Chinese Glass Bridge Breaks Leaving Tourist Clinging on 330ft Above the Ground

A man at a tourist resort in northeast China was trapped on a glass-bottomed foot bridge standing nearly 330 feet (100 meters) high after the structure was partially shattered by strong winds, according to the city government.

Several glass panes of the Piyanshan Glass Footbridge in the city of Longjing were damaged by extreme weather in the Piyan Mountain tourist area, according to a statement posted on the city's official Weibo social media account.

Glass panels beneath the tourist's feet were reported to have cracked and crashed toward the cliffs below the bridge. The man reportedly clung onto the bridge's guardrails, with several gaps seen in front of him between beams that span around 8.2 feet horizontally across the bridge, according to Hong Kong's Apple Daily newspaper.

The man was stranded on the bridge, which is around 1,310 feet (400 meters) long, after several pieces of the glass deck were blown off following wind gusts of up to around 93 miles (150 kilometers) per hour in the area at around 12:45 p.m. local time on Friday, the city government said.

The tourist was eventually able to crawl back to safety at around 1:20 p.m. local time following the joint rescue efforts of firefighters and police as well as forestry and tourism staff.

The statement shared on Weibo said: "Our staff rushed to the scene with emergency equipment and successfully transferred the trapped person to safety. The incident caused no casualties.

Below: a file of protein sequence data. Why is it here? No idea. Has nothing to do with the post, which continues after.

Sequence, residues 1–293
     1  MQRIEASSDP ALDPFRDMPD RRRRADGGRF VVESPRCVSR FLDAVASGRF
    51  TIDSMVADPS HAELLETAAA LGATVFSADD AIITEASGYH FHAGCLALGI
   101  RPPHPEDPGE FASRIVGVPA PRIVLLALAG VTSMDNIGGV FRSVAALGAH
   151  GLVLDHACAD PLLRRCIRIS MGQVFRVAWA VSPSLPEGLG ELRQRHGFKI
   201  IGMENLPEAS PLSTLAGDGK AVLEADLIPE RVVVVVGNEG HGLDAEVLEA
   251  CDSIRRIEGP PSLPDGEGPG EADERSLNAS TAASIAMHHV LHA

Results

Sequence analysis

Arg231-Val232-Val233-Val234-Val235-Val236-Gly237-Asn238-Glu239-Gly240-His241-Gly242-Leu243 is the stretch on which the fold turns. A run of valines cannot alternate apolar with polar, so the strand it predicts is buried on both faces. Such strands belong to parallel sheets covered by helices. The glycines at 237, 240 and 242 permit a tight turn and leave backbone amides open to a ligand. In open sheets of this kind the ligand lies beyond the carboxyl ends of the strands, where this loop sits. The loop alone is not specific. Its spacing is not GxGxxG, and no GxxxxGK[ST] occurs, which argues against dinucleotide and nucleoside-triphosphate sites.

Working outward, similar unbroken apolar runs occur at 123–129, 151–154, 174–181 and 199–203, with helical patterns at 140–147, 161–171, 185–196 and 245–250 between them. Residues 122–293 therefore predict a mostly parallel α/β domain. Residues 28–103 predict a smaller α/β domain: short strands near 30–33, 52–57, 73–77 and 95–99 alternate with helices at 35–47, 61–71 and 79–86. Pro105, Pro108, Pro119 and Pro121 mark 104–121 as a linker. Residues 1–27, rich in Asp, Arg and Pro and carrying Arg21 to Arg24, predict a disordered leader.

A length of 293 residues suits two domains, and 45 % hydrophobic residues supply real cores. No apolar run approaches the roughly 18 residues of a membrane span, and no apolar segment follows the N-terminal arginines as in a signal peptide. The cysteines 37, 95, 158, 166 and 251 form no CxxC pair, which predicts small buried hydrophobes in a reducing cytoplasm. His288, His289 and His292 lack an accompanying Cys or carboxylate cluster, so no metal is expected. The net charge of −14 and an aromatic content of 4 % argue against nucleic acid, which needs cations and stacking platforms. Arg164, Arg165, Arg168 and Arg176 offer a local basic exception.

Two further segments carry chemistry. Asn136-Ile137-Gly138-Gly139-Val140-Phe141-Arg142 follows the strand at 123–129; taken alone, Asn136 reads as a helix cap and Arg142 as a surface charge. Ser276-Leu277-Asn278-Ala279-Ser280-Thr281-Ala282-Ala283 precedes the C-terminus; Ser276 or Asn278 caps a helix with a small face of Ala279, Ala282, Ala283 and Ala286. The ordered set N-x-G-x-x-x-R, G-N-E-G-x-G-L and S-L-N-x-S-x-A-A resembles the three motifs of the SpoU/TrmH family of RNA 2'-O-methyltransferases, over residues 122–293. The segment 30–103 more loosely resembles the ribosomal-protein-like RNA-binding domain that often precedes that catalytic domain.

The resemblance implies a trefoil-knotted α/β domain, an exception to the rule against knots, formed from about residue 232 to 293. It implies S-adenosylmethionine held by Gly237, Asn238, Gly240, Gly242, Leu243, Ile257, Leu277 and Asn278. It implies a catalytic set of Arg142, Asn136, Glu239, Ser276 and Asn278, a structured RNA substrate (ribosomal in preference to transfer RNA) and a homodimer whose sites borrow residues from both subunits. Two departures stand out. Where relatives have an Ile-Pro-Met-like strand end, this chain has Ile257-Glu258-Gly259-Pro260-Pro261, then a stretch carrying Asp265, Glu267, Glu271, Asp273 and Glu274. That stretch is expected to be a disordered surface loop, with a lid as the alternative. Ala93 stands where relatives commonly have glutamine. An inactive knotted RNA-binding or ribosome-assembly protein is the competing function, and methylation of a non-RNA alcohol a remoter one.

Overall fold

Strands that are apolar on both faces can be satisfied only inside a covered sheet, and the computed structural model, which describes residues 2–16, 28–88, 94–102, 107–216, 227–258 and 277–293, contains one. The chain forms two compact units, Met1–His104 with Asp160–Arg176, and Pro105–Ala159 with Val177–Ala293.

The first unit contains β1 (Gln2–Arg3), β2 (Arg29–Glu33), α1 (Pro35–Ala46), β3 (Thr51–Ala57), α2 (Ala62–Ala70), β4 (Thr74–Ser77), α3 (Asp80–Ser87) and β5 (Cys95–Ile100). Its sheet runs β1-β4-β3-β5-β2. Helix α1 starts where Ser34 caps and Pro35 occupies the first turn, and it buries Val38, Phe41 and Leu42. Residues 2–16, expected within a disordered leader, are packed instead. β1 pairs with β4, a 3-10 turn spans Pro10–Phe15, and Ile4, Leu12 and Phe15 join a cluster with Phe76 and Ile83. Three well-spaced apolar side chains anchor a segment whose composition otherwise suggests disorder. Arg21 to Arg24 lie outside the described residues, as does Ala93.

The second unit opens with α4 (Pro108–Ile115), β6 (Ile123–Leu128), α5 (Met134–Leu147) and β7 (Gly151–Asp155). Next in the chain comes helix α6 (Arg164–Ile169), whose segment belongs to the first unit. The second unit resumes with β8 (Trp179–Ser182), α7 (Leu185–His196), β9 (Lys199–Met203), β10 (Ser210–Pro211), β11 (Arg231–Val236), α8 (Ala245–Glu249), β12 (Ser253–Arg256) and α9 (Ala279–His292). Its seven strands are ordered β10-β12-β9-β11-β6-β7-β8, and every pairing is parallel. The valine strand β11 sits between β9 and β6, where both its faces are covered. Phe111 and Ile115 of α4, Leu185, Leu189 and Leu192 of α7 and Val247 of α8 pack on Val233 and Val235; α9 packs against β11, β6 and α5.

"The trapped person was taken to hospital for observation. He was discharged as his mental and physical condition were stable," the statement added.

The bridge has been closed until further notice. The city government was reported to be carrying out a safety inspection of all tourist attractions in the area, with the latest incident to also be investigated.

The latest incident has raised concerns over the safety of glass-bottomed bridges in China, where at least 60 such bridges have been or are being built since 2016, according to the Earth magazine published by the Geological Museum of China.

Glass bridges are commonly found in China's mountainous provinces such as Jiangxi, Yunnan as well as Hunan, which is home one of the country's most famous glass bridge, at around 1,410 feet long and about 20 feet wide, in Zhangjiajie. It is suspended between two steep cliffs over 980 feet above ground.

According to guidelines, glass bridges must be closed during bad weather and natural disasters and the number of pedestrians on glass bridges and walkways should be capped to no more than three people per square meter, China's state-run Xinhua News Agency reported.

Newsweek has contacted the China National Tourist Office and the Ministry of Transport for comment.

Glass bridge Zhangjiajie 2016
Visitors cross a glass-bottomed bridge in Zhangjiajie in China's Hunan Province on August 21, 2016. A man at a tourist resort in northeast China was trapped on a glass bridge standing 328 feet high after it was partially shattered by strong winds. Fred Dufour/AFP via Getty Images

Correction - 5/11/2021: This article originally stated that wind gusts of between 12 and 13 on the Beaufort wind scale were recorded. The Beaufort wind scale only goes up to 12. Newsweek regrets the error.